Intervention – Facts vs. Myths

Contributor: Jerry L. Law, D.Min., MDAAC, CIP, of ISA Intervention and Recovery Specialists

GrouptherapyOver the past ten years, Americans have become much more familiar with the concept of staging an Intervention to encourage a loved one struggling with an eating disorder, drug and alcohol dependency and other compulsive behaviors to accept an offer for help.

This increased awareness is in no small part due to the popularizing of Interventions via television and social media. As a Certified Intervention Professional, I am both grateful and frustrated by these programs and the hype that often surrounds them.

The Inaccurate Portrayal of the Interventionist

While I certainly welcome the increased awareness that Intervention is available and provides a powerful tool in helping an individual and their family fraught by these diseases, the often inaccurate portrayal of the role the Interventionist plays has led to a great deal of misinformation regarding what an Intervention actually is.

In this article, we will examine some of the common myths about Intervention and present the facts regarding the efficacy and success rate of this dynamic approach to bringing hope and help to individuals and families.

The History of Interventions

group-therapy-youngFirst a brief history of Intervention: This method of presenting an offer for help to an afflicted individual is nothing new. The Bible and other ancient manuscripts outline the importance of helping one another and as needed, confronting behavior that is dangerous to the individual, their family and society. A codified set of tactics for this type of interaction is, on the other hand, a relatively recent phenomenon.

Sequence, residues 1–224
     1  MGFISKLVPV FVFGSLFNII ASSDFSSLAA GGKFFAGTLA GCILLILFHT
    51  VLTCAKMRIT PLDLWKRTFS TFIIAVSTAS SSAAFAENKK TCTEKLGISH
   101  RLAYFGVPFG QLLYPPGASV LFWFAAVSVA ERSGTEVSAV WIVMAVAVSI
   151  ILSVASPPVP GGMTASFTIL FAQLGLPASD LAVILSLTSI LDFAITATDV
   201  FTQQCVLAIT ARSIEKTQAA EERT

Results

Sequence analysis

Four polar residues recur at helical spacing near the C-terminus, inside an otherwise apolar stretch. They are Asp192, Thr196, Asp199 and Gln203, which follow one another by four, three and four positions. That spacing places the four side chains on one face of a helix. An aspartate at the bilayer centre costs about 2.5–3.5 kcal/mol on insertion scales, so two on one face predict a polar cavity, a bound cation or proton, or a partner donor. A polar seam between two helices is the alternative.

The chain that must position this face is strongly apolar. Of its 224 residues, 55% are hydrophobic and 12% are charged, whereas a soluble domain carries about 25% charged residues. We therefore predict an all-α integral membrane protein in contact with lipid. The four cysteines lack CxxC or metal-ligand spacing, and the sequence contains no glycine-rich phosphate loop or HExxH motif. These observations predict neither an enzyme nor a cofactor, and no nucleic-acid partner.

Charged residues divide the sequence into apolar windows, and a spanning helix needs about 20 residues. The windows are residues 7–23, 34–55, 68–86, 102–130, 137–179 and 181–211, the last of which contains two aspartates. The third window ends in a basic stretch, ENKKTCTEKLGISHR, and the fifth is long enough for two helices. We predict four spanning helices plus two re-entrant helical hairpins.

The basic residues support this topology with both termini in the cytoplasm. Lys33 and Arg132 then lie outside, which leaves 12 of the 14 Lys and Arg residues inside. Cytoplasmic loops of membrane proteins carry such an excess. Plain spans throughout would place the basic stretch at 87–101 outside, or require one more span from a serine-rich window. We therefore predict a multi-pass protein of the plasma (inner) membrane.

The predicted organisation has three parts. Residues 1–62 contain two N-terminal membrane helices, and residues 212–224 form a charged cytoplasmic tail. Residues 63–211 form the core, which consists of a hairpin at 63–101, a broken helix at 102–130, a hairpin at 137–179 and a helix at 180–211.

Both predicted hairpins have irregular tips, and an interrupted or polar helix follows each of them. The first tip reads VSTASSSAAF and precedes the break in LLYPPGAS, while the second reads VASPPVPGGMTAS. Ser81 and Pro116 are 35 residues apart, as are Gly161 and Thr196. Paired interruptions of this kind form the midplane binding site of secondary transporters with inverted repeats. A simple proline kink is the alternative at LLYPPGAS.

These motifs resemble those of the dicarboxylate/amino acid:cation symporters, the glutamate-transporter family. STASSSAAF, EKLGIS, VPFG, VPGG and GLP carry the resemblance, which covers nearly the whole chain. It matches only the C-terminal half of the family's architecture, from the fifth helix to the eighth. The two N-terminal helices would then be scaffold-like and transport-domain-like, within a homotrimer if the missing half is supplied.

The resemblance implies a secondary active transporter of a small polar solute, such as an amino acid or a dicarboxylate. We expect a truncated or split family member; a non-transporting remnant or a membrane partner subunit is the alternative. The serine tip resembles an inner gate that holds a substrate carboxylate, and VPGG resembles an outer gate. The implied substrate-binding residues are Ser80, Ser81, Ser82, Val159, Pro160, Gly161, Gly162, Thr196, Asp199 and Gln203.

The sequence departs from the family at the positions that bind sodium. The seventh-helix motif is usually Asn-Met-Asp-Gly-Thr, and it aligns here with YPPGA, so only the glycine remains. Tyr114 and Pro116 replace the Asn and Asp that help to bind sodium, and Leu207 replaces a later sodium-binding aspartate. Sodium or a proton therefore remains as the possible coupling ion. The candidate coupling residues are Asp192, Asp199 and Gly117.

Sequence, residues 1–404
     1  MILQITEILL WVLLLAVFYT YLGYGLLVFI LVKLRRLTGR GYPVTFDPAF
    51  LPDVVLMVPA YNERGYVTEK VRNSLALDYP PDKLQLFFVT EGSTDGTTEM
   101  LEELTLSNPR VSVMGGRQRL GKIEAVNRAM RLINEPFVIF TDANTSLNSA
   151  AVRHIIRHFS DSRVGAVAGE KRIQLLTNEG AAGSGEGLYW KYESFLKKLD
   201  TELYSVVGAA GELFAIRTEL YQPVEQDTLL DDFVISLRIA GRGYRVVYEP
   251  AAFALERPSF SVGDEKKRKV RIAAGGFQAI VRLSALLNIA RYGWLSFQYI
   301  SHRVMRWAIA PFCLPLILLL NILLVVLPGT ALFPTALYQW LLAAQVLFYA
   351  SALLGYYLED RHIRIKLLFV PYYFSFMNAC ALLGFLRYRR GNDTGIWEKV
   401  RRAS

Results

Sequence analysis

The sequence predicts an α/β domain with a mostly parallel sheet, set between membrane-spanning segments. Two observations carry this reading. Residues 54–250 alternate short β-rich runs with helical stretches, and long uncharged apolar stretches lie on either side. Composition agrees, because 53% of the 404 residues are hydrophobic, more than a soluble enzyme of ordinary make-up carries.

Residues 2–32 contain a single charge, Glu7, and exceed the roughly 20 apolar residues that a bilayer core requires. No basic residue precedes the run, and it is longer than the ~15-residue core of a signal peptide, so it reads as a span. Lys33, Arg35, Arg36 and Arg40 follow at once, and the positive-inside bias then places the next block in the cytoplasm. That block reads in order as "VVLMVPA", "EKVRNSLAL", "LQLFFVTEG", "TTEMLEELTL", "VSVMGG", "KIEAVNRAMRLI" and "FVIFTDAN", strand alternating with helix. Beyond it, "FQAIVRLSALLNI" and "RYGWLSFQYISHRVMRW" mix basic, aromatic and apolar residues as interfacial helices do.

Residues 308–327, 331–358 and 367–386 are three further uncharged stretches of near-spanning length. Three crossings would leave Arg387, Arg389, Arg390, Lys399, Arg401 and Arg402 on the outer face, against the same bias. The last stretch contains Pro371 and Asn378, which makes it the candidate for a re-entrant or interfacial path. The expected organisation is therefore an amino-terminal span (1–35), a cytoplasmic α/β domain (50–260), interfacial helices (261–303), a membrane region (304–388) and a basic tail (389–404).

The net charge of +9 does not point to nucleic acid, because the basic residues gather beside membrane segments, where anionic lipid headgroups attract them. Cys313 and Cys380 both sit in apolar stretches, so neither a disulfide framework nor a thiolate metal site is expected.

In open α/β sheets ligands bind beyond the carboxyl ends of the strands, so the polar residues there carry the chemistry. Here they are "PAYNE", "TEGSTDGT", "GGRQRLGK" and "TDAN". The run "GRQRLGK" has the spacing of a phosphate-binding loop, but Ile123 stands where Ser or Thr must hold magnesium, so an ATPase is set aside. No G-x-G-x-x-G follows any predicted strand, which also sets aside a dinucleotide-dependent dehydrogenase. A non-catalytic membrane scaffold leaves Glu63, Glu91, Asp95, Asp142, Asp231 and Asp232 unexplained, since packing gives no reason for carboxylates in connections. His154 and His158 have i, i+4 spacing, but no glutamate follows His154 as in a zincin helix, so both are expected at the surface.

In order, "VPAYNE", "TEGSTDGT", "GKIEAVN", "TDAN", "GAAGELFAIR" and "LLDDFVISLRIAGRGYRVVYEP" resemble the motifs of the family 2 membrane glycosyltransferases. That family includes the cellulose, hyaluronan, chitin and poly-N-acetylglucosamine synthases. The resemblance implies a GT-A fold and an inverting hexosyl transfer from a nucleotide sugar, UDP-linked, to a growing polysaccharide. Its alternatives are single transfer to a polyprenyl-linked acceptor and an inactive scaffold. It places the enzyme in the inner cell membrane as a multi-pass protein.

Dr. Vernon Johnson, an Episcopal Priest and recovering alcoholic, was one of the early developers of Intervention as practice today. His seminal book, “Intervention, how to help someone who doesn’t want help: a step-by-step guide for families and friends of chemically dependent persons” may have set the standard for the modern day approach.

Many professionals in the field still follow this basic approach, though most add their own twists to the process based on personalities and the wealth of knowledge on these diseases we have gained since the book’s original publication.

Interventions in the Present

In more recent days, approaches such as ARISE – A Relational Intervention Sequence for Engagement and Family Systems Intervention protocols have been developed. The latter two are considered “invitational models” as the suffering individual is invited to be part of the process from the outset.

The Johnson model, on the other hand, embraces a surprise technique in which the loved one is not aware of the plans the family have made until they actually sit down with the individual to ask them to accept help. There are many sound arguments for each model, and the reader can find much more about each method online.

Myths About Interventions

Regardless of the model, many myths abound regarding Intervention, so let’s briefly examine a few of them:

MYTH: The addicted loved one in your life (this includes eating disorders, compulsive gambling, etc.) could quit any time if they really wanted to.

Group Of Friends Having Outdoor Barbeque At HomeFACT: While it is true that in the early stages of substance use and/or participation in disordered eating behaviors, a person may choose to change and do so. They may or may not need professional assistance at this stage.